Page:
Much like our aging process, restaurants have life cycles. The Restaurant Life Cycle comes in phases:
- Birth and Infancy – Preopening and year one.
- The Toddler Stage – Years two and three.
- Adolescence – Years four through six.
- Maturity – Years seven and beyond.
When the average person reaches retirement, they look back and if they planned efficiently they have a retirement fund that will carry them on through later years.
But for the person that has not planned, there are rough roads are ahead. The same can be said about a restaurant. If they plan for the maturity of the restaurant then they are more likely to mature in good shape.
The people that have not planned for retirement can keep working; rely on social security; reduce the cost of living and other options.
Maturity does not necessarily mean that the restaurant is dying, some restaurants—and there are exceptions—live many years past maturity. The parents turn the business over to the children, new owners come in create fresh energy and based on their location, have a long standing popular restaurant. Some of these restaurants are very well known: Brennan’s Restaurant, New Orleans, est. 1946…Harbor House Café, Sunset Beach, (est. 1939) …The Gallery, Santa Monica Ca. est. 1934.Tam O’Shanter, Los Angeles (est.1922). Every state has their share of these types of restaurants.
The average independent restaurant does not have many choices when they reach maturity. What they have to do is to reinvent themselves.
10 to 12 years pass by and you haven’t paid attention to changing demographics, changing landscapes and changing cultural patterns this can impact the maturity phase badly.
Restaurants that have been around for many years have paid attention to dealing with different generations like the restaurants above.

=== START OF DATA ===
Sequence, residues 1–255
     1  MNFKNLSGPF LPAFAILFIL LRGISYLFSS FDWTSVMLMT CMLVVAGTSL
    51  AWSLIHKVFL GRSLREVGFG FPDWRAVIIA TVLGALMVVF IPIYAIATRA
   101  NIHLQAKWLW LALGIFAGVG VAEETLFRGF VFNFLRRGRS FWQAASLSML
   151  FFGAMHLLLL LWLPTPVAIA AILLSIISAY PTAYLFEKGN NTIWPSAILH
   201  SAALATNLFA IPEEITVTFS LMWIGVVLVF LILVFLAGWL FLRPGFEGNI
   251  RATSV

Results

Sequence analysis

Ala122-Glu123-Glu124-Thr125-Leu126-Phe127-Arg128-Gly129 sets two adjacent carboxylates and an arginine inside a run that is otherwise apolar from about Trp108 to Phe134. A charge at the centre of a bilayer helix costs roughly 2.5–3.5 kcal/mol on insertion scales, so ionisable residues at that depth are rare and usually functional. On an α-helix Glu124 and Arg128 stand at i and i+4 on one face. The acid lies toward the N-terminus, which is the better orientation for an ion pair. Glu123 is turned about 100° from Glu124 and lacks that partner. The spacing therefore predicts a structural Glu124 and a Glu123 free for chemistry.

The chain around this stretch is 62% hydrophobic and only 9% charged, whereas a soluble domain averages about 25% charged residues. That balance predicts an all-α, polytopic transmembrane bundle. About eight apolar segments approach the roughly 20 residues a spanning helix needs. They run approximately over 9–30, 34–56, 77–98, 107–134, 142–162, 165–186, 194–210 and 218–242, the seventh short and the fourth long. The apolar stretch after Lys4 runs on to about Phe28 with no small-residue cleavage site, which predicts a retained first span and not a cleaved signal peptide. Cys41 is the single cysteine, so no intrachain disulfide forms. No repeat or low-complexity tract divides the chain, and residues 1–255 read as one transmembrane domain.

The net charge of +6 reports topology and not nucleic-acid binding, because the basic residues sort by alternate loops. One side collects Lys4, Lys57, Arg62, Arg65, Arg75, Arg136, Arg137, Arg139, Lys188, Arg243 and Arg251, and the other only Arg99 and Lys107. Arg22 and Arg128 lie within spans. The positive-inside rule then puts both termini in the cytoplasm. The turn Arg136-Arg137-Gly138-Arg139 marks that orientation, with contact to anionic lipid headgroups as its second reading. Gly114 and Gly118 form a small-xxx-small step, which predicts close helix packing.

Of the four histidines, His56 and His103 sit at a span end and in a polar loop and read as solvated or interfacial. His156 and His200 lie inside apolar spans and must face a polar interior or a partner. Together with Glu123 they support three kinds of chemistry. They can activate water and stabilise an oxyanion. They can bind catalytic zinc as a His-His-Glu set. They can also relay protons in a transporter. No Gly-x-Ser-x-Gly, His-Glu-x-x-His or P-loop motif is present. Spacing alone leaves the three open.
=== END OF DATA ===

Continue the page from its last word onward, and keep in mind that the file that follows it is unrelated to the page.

The way you marketed your restaurant has changed since the time you opened. The eating habits have changed and if you catch yourself asking, “When did all of this change?” I got one answer: it changed every day in front of you.
You have a successful and profitable restaurant and you are in your maturity. It is time to take stock. Where will your restaurant be in five years? Will your concept be able to keep up with the new generations, food trends and technology? Especially in the areas of food delivery, new marketing techniques, and new competition.
There is no guarantee reinventing your restaurant will work, to survive changes you have to try. Take a strong look at your current concept and re-define it by asking yourself these questions:
- Has my target market changed?
- What are the successful restaurants doing?
- When is the last time you changed the décor in your restaurant?
When we first open we hope for the best. All of our concentration was on getting the restaurant running. The focus changes to meet the demands of a growing business and with time we lose the energy, vision and excitement.
I advise my clients to go back to stage one: birth and infancy. Harness the energy you had during the preopening phase that first year. This was the time that you transformed your idea into a concept that you felt you would be successful based on your research, knowledge and experience. This is the starting point, do new research to find out what is selling now.
So, it’s time to start all over again, however this time you have the dream, more knowledge and more experience.
Kenny Arone is a restaurant consultant and partner in Cost Genie Menu Costing Software. www.costgenie.com